My heart broke on Monday for the family of Freddie Gray. Edward Nero, one of the six officers facing charges related to Gray’s death, was acquitted. For me, it was another example of law enforcement facing no consequences after taking someone’s life. It took me back to Sept. 14, 2013, when I lost my brother, Jonathan, after an encounter with police.
My mom came to my apartment at 6:30 a.m. the day it happened. I knew right away something was wrong. When she told me what happened, I was shocked. This can’t be true, I thought. Shot 10 times by a police officer? This can’t be right.
Coming from a family of sheriff’s deputies and police officers, we were taught from an early age that members of law enforcement are to be respected, not challenged. Jonathan would never threaten or attack a police officer. He wasn’t a criminal. He was a college student. He had no criminal record.
Over the next several months, we were told in excruciatingly vivid detail about the events that led up to his death. We learned that Jonathan was driving a friend home late one night in an unfamiliar neighborhood. After dropping off his friend, he lost control of his car and crashed into a ravine. He was injured. His car was totaled. He kicked out the back window of his car, crawled up the ravine and out of the ditch and went to look for help.
We were told that he knocked on the door of one of the first houses he approached, asking for assistance. The homeowner instead called 911, alleging that Jonathan was trying to break into her home. Charlotte-Mecklenburg police officers were dispatched to the scene.
We read in police reports that three officers arrived, and Jonathan approached them. One officer told him to stop. Injured and bewildered, Jonathan continued toward the officers. We were brought up to believe that law enforcement was there to help you, not hurt you. My brother desperately needed help. But instead of offering assistance, one officer pulled out his weapon and began firing, hitting Jonathan 10 times, killing him. Jonathan was unarmed.
While I wanted to know what happened to my brother, unearthing the specific details was like ripping open an old wound, every day, for months on end. It was as if I could feel each bullet that hit my brother pierce my own skin.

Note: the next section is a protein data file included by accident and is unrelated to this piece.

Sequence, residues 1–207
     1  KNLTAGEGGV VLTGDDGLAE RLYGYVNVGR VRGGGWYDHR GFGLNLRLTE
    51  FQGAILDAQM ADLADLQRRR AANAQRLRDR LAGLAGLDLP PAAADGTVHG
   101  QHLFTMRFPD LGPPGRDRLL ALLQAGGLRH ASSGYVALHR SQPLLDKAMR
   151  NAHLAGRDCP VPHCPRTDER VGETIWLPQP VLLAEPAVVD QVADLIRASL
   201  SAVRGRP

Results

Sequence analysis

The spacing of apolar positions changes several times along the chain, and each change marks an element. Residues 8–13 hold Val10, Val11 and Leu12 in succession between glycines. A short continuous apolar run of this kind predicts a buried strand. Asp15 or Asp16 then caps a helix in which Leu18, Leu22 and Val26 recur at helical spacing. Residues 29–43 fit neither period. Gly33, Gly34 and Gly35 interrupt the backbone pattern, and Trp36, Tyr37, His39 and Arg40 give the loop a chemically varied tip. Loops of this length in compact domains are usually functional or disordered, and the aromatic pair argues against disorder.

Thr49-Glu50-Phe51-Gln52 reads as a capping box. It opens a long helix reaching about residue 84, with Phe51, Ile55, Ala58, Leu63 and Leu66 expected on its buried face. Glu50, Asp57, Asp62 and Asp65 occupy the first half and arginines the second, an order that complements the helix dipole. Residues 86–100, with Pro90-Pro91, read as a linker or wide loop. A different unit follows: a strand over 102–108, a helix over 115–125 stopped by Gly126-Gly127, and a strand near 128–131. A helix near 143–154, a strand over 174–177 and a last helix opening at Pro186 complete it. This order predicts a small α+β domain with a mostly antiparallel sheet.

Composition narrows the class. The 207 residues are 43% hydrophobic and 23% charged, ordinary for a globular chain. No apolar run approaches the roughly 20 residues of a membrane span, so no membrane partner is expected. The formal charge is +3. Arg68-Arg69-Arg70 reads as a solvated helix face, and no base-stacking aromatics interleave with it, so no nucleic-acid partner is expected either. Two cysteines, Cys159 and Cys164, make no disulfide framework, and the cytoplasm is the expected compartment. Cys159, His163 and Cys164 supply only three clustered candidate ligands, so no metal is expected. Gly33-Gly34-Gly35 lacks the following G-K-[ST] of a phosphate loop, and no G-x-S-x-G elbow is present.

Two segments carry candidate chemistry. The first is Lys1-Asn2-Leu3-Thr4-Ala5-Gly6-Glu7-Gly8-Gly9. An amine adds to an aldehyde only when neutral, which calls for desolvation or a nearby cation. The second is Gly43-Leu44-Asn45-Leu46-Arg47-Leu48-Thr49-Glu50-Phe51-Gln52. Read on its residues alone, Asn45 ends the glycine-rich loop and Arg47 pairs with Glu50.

But rather than offering answers, the information we were provided simply led to more questions, questions that to this day remain unanswered for my family and me.
The officer who killed Jonathan was ultimately charged with voluntary manslaughter and faced a jury of his peers. That jury couldn’t come to a conclusion about whether he was guilty. The State’s Attorney decided not to try him again.
We were devastated. We couldn’t understand how someone who had taken an oath to protect and serve failed our family so badly that day. We didn’t feel Jonathan received justice.
Throughout this process, we were asked so many questions by family, friends and the media. One question always stuck out, because at the time it was the easiest to answer: “What will justice mean to you?”
I thought I knew the answer. It seemed so open-and-shut. I wanted to see the officer who killed my brother go to prison for his actions. I wanted those in authority to be held accountable for the apparent lack of training provided to that officer.
In the end, we didn’t get either of those. We didn’t even get an apology, not that it would have changed anything. We were able to reach a financial settlement with the city of Charlotte, but no amount of money could fill the crater left in our hearts by Jonathan’s death. Like the Gray family, which received a multimillion dollar settlement after Freddy’s death, we had money but not justice. So now we are forced to find justice in different ways.
Justice to us now becomes helping others avoid the tragedy that we’ve lived through. We are focused on bringing change to those who need it most. We are using some of the money from the settlement to fund the Jonathan A.P. Ferrell Foundation, which is designed to help the community and law enforcement break down barriers and better understand each another. We’re hopeful that the foundation will facilitate essential conversations between law enforcement and the citizenry they are charged to protect and serve. We look forward to partnering with law enforcement agencies around the country to start these conversations.
What do I miss most about my brother? Everything. He won’t be by my side as my best man when I watch my bride walk down the aisle. He’ll never meet the kids I hope to have one day. My mother won’t have the privilege of being a grandmother to his children.
But as much as we all miss him, Jonathan is our daily inspiration. Through his death, our family has become closer than ever. Growing up, Jonathan was my voice. I was very shy, so he spoke for me. Now I’ll proudly speak for him. Everything I do from this point forward will be done to honor my brother’s memory.
Jonathan always encouraged me to see things differently. I view “justice” differently, too. Although we don’t feel justice was served in my brother’s case, we won’t stop fighting for justice for others.
It’s what Jonathan would have wanted.
Willie Ferrell, 26, is a professional boxer from Tallahassee.